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Pruning Fruit Trees and Other March

Gardening Tips
by Leonard Perry
by Leonard Perry


In extension I serve as an advisor and consultant to the greenhouse and nursery industry, primarily in Vermont but throughout the region and beyond as well.

I give presentations on my research to the industry, and to home groups. In Research, my focus is "herbaceous perennial production systems".

His website is at  Leonards zone of gardening: home with my trials, generally USDA 4a. Campus in Burlington is 5.

March 5, 2006

Pruning fruit trees, saving pruned branches from flowering trees to force into bloom, and sowing seeds are some of the gardening activities for this month.

As soon as the buds start to swell, it's time to begin pruning apple, plum, and cherry trees. Plum trees should be pruned to an open center, while apple and cherry trees grow best pruned to a modified leader (center is more closed and tree is more upright). Remove any dead, diseased, or broken branches, as well as crossing branches and twiggy, nonproductive growth.

While you're pruning flowering trees, such as crab apple and plum, cut some 2-foot sections of pruned limbs with flower buds on them (flower buds are larger than leaf buds) for forcing. The best way to hydrate the stems is to lay them down in a bathtub of water overnight. If anyone in your house objects, just recut the stems, place them in a bucket of warm water, and keep them in a cool place for a week or so. When flowers begin to open, bring them into your living room and your house will smell of spring even though the snow may still be flying outdoors.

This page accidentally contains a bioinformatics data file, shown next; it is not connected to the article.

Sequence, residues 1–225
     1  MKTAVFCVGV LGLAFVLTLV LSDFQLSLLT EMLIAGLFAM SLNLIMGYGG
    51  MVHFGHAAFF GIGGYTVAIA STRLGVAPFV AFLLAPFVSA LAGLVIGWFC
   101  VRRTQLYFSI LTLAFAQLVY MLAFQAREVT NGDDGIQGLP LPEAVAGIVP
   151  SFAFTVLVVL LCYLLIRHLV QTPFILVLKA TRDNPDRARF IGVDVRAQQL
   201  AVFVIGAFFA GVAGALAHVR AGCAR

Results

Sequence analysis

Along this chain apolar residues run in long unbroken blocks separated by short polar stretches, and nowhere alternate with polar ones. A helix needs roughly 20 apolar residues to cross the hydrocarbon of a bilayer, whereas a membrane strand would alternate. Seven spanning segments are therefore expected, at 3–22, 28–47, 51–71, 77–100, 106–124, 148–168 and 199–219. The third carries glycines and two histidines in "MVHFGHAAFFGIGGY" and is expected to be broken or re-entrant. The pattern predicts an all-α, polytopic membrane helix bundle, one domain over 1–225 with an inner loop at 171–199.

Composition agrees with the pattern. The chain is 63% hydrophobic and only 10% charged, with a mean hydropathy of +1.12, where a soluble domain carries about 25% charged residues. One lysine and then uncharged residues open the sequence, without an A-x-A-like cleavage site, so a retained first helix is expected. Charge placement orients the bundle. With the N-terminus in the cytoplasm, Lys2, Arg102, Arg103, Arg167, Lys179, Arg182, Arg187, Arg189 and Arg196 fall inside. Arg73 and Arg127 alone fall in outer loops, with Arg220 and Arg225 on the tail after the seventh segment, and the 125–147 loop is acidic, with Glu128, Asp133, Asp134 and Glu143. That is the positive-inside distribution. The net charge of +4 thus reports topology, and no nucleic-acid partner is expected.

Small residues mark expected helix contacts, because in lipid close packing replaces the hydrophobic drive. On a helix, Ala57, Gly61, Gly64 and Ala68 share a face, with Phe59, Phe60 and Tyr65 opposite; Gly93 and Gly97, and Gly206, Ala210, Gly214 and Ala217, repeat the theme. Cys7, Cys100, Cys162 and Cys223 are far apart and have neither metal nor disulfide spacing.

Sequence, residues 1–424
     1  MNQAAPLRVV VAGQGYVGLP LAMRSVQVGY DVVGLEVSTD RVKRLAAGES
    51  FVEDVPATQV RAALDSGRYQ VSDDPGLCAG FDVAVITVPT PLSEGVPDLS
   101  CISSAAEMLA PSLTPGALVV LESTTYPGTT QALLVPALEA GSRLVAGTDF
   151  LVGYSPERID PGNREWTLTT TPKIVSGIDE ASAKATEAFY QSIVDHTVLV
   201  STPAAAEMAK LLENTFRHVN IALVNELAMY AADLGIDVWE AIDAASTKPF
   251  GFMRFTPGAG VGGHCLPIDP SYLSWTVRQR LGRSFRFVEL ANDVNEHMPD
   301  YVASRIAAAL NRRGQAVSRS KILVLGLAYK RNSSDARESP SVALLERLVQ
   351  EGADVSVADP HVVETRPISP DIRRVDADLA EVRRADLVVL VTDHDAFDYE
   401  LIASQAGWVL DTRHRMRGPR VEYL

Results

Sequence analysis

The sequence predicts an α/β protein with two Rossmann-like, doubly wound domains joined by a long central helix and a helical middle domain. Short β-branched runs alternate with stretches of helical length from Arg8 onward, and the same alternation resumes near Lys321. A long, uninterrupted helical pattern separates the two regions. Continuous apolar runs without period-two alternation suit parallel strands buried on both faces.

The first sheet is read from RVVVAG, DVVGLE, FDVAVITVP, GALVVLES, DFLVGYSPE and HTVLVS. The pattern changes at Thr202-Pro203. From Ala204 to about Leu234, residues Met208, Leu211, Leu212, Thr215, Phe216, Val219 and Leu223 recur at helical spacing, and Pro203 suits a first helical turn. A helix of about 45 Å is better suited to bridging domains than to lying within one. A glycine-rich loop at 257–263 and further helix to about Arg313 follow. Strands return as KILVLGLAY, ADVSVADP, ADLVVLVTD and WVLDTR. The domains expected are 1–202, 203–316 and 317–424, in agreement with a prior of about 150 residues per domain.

In the next few weeks pussy willow buds will begin swelling, so go on a scavenger hunt for them in wet areas. Take 2-foot cuttings from the bush, trying not to deform it by taking too many cuttings in one location. Bring them indoors and place them in water in a cool room.

Probably the biggest gardening project for March is to start transplants. Cabbage, broccoli, and other cole crops that can be set out early in the spring, as well as slow-growing flower varieties like verbena, pansies, and petunias, can all be started this month. But wait until April to sow seeds for tomatoes, peppers, eggplants, and most flower varieties that cannot be transplanted until the danger of frost has past.

Check the seed packet to determine if the seeds can be started indoors or should be sown directly in the ground when the weather warms up.

Starting seeds indoors not only gives you a jump on the growing season, often leading to earlier harvests, but also allows you to have many varieties you can’t find at greenhouses and garden stores.

As soon as the snow goes, you can remove winter mulch from perennial beds. If perennials have been heaved out of the ground by the frost, gently push them back down.

Other gardening tips for this month include tuning up mowers and other power equipment before the busy spring rush, removing potted bulbs for forcing indoors into bloom, and visiting a maple sugarhouse. Visit the National Gardening Association’s web site ( ) for more information on gardening and regional reports.

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